2LP released: Jul 29, 2022
(Item no longer available)

Disc 1 : Higher Than The Sun (Higher Than The Orb)
1. Higher Than The Sun (Higher Than The Orb)
2. (extended Mix) - Primal Scream
3. It Could Not Happen (Essential Trance Hall Mix) - Critical Rhythm Feat Jango Thriller & Vandal
4. Cascades (Hypnotone Mix) - Sheer Taft
5. Afrika (Love And Laughter Remix) - History Feat Q-tee
6. Floatation (Original Version) - The Grid
7. Speedwell - Saint Etienne
8. Fallen (Album Version) - One Dove
Disc 2 : Temple Head (Pacific Mix - Airwaves) Û Transglobal Underground
1. Temple Head (Pacific Mix - Airwaves) Û Transglobal Underground
2. Just A Little Bit More (Electro Instrumental Mix) - Massonix
3. U Make Me Feel (Running Water Aka Workhouse Mix) - Elsi Curry
4. I Donæt Even Know If I Should Call You Baby (Marshall Jefferson Symphony Mix) Û Soul Family Sensation
5. Snappiness (7ö Edit) - Bbg
6. Never Get Out The Boat (The Flying Mix) - The Aloof
7. Spiritual High (The Moodfood Megamix) Û Moodswings
Cat No: XXQLP2089
Barcode: 29667014311
Packaging: 2LP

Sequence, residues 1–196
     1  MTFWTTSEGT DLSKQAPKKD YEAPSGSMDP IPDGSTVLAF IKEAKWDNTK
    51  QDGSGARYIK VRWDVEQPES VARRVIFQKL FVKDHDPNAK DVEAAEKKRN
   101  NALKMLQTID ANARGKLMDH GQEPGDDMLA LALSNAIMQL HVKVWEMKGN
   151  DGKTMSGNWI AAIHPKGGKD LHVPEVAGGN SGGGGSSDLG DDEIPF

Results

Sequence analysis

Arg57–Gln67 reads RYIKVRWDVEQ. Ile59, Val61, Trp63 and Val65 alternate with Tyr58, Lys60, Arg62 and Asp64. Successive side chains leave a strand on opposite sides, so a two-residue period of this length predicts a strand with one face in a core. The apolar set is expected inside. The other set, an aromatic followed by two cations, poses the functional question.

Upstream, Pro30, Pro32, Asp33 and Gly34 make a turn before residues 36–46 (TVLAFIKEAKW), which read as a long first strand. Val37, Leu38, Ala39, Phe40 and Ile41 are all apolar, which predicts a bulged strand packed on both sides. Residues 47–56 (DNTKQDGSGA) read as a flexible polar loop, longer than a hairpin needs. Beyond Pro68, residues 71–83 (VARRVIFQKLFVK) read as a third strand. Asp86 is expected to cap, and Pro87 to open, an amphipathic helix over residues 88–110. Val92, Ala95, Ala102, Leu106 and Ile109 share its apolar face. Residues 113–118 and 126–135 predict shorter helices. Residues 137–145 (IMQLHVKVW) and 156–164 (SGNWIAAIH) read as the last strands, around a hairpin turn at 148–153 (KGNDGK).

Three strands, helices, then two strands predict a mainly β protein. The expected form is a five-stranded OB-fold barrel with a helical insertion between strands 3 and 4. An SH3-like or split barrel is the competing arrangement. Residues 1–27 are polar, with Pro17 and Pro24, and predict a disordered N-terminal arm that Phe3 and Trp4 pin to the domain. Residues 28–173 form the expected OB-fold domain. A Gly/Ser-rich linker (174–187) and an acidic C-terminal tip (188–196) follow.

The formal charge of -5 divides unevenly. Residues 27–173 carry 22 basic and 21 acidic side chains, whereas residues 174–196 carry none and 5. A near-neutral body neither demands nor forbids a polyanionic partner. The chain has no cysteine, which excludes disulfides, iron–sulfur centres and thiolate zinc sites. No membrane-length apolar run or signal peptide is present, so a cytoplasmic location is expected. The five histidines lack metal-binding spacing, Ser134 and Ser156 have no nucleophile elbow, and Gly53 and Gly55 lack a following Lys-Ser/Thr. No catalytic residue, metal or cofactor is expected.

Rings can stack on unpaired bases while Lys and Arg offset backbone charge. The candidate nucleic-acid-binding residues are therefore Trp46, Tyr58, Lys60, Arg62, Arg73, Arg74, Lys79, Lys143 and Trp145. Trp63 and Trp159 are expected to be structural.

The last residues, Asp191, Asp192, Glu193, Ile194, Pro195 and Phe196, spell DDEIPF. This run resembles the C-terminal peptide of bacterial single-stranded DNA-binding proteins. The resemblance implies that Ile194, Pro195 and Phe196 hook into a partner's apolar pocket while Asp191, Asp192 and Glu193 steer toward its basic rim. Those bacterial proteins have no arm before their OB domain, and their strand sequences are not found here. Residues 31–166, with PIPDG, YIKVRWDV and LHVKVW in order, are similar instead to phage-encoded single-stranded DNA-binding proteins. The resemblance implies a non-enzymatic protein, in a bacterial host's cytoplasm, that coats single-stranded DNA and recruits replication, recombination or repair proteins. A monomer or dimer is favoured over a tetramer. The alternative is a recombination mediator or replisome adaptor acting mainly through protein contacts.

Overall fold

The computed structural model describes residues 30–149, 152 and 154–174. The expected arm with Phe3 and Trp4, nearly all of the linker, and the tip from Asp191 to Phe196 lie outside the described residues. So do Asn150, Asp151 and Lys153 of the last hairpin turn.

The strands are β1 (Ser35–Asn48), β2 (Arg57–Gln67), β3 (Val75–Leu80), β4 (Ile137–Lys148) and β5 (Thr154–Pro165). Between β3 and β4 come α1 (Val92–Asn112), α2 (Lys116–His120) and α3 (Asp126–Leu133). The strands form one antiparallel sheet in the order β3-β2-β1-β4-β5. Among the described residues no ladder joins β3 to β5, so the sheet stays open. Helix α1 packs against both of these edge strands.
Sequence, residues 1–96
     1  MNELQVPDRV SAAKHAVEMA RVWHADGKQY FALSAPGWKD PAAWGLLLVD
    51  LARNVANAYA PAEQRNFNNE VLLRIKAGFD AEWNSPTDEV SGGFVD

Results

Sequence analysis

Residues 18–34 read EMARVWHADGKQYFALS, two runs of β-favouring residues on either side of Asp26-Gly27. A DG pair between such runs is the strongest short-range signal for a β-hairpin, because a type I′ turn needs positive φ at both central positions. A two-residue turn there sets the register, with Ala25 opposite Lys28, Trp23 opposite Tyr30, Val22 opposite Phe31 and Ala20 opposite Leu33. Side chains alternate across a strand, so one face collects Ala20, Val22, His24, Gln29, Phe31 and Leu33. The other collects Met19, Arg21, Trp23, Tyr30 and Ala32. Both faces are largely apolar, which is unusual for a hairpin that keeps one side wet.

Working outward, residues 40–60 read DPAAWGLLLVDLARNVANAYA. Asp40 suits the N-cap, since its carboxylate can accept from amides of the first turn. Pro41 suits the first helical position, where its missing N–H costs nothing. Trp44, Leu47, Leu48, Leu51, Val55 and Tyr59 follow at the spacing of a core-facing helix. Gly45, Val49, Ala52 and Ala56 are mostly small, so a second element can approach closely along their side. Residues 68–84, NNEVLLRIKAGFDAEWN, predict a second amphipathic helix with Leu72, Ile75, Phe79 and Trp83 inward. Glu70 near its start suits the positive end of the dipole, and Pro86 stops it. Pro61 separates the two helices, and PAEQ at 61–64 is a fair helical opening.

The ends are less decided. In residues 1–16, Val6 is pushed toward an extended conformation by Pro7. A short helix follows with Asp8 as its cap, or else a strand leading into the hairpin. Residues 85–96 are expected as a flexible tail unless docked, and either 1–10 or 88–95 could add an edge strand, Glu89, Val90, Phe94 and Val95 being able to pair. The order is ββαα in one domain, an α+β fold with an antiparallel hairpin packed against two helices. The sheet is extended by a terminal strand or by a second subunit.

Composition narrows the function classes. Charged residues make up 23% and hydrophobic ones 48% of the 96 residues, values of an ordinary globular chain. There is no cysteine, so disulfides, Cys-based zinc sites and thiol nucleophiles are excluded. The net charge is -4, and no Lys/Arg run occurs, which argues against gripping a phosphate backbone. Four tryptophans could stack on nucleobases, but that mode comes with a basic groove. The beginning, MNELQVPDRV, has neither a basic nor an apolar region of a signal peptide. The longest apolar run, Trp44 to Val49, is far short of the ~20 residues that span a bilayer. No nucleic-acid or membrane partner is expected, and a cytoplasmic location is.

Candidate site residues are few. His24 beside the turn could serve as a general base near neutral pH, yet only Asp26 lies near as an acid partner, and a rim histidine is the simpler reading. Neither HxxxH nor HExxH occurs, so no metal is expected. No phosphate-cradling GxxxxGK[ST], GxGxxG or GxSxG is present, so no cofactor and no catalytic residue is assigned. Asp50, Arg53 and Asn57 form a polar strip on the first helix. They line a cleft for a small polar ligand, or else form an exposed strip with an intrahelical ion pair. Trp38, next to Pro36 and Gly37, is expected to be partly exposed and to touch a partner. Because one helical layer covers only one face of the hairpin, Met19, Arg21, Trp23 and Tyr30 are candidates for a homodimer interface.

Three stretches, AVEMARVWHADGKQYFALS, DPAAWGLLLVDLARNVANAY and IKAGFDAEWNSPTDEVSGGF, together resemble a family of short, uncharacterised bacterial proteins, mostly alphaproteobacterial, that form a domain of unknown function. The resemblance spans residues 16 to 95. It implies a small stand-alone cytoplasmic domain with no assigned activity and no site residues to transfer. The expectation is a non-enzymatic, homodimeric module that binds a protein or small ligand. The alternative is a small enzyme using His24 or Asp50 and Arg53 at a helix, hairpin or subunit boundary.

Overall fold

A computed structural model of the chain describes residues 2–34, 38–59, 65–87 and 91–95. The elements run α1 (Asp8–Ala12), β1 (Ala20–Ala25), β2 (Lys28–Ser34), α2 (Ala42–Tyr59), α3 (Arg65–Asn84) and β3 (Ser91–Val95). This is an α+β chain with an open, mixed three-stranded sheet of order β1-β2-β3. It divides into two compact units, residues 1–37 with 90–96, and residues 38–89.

1989 had been a long hot summer, but 1990 felt longer and hotter. Since the house music explosion of 1987, Britain had had a whistle in its mouth, and it needed a lie down. February 1990 brought two records that were made to accompany the sunrise and would shape the immediate future: The KLF s Chill Out was a continuous journey, a woozy, reverb-laden mix; and Andrew Weatherall s drastic remix of a Primal Scream album track Loaded slowed down the pace on the dancefloor itself, right down to 98 beats per minute. Within weeks of Loaded and Chill Out emerging, a whole wave of similarly chilled, floaty, mid-tempo records appeared. The charts were full of chugging Soul II Soul knock-offs, but further out were amazingly atmospheric records such as the Grid s Floatation , which married the new-age relaxation method du jour with Jane Birkin-like breathy sighs; BBG s Snappiness , which was all sad synth pads and Eric Satie piano; and the Aloof s Never Get Out Of The Boat , which re-imagined Apocalypse Now as if it had been shot in Uxbridge. This was a modernist sound, grabbing bits of the past, the feel of the immediate now, and creating something entirely new. There was a notable 90s-does-60s vibe, a neo-psychedelia that didn t involve guitars. For a moment, or at least for a summer, it felt like the perfect future had already arrived. Fell From The Sun encapsulates that moment.